Interestingly, following Trinny’s earlier post about companies involved in the responsibility of an innocent worker’s senseless death at a SA desalination plant walking away un-fined and un-prosecuted, I stumbled on a recent legal Victorian case whereby a large fatality-related fine was actually doubled, which appears to show that employers must really go the extra mile to ensure workers are safe and are adhering to their safety management systems.
Recent fatality related doubling of fine shows employers must ensure safety
The Victorian Court of Appeal has doubled the fine against a company that pleaded guilty to failing to provide a safe working environment for employees.
Coates Hire Operations Pty Ltd was fined $500,000, for failing to provide a safe work environment in circumstances where the company was well aware of a hazard that ultimately resulted in the death of a contractor.
“This case emphasises that there is little point in having safe procedures and systems of work, if they are not enforced by management”, Lander & Rogers Lawyers state
“The employer must also actively implement the system in the workplace, including performance management for non-compliance with safety requirements.”
In February 2007, a worker from Redline Towing and Salvage Pty Ltd was contracted out to work for Coates Hire Operations Pty Ltd. The worker drove an elevated work platform onto a tilt-tray truck without using a winch cable. The platform then struck the tray, rolled backwards and, most unfortunately, fatally crushed the worker.
In 2012, the County Court fined Coates Hire Operations 250,000 for failing to provide a safe work environment. However, the Director of Public Prosecutions appealed this decision and argued [rightly, in our opinion] that the $250,000 fine was “manifestly inadequate”.
At the Court of Appeal [President Chris Maxwell, Justices Mark Weinberg & Elizabeth Hollingworth] it was heard that before the fatal accident, Coates Hire had safety procedures in place for the loading hazard. Coates Hire had also issued a safety alert that “all drivers, including contractors [must ensure] that the winch cable must always be connected to the equipment when loading/unloading equipment”.
The Victorian Court of Appeal also heard that the employer’s OHS manager knew there were “differences of opinion” on the proper procedure for loading plant, but that he had failed to resolve the issue because he went on holiday and then “was too busy over the Christmas season”.
The court of Appeal also heard that the manager knew that the winching requirement was not being complied with, but did nothing to enforce compliance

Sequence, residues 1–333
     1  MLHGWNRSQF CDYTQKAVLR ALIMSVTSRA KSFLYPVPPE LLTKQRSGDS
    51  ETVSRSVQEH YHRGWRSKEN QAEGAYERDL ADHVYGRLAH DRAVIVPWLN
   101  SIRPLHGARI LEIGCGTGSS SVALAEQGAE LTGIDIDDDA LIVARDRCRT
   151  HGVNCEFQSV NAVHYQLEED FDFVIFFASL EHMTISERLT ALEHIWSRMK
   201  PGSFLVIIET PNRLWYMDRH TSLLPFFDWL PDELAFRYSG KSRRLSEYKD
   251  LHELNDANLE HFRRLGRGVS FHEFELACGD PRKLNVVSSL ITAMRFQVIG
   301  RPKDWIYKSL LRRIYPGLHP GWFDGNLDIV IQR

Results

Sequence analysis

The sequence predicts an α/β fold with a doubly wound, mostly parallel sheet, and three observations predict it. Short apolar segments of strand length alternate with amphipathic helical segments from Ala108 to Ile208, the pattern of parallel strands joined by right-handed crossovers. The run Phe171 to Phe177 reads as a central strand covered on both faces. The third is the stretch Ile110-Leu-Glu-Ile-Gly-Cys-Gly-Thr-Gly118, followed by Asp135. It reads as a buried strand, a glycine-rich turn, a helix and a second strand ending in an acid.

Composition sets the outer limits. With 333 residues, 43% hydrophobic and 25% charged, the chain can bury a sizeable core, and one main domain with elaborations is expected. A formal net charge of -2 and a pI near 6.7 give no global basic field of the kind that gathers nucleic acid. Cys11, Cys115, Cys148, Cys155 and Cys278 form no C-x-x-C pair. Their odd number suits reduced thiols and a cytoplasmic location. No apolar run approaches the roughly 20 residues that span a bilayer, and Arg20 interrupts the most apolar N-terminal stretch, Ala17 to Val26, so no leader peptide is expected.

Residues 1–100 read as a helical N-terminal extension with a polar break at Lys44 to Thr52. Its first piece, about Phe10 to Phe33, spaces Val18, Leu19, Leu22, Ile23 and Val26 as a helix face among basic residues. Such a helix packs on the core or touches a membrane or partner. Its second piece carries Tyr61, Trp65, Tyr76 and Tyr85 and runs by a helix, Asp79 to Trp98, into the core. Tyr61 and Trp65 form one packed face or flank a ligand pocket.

They also stated that the employer knew that the non-compliance with the winching requirement created a real safety risk.
“The incident which had prompted [the employer] to issue [the safety alert] occurred almost exactly a year before [the worker's] fatal accident,” they said.
“On that occasion [an]… employee was injured as a result of the very hazard which the winching procedure was established to prevent.
In determining the level of the new fine, the Court of Appeal gave consideration to the pro-safety initiatives Coates Hired had taken after the incident. These included: introducing an online contractor induction system and driver examinations; employing extra yardmen and segregating bays; appointing an operational manager; and increasing the health and safety team from 5 to 15 people.
However, the Justices also heard that the company had already been convicted twice before for breaches of the occupational health and safety law and that, the “disregard of safety which resulted in [the worker's] death had to be seen against the background of the company’s two prior convictions”
“In 2001, the company was convicted [for] failing to provide a safe working environment and fined $10,000 [and] in 2003, it was convicted of failing to ensure a safe workplace and was fined $22,000, they said.
“The size of the fines indicates that these breaches were very much at the low end of seriousness.
Justices Maxwell, Weinberg and Hollingworth allowed the appeal and doubled the fine to $500,000. They said if the employer had not pleaded guilty, the fine would have been $600,000.
Redline Towing and Salvage Pty Ltd $130,000 [ in 2010 proceedings].
You can read the full case here: DPP (Vic) v Coates Hire Operations Pty Ltd (2012])VSCA 131 (25 June 2012)
[post entered by T on behalf of WCV]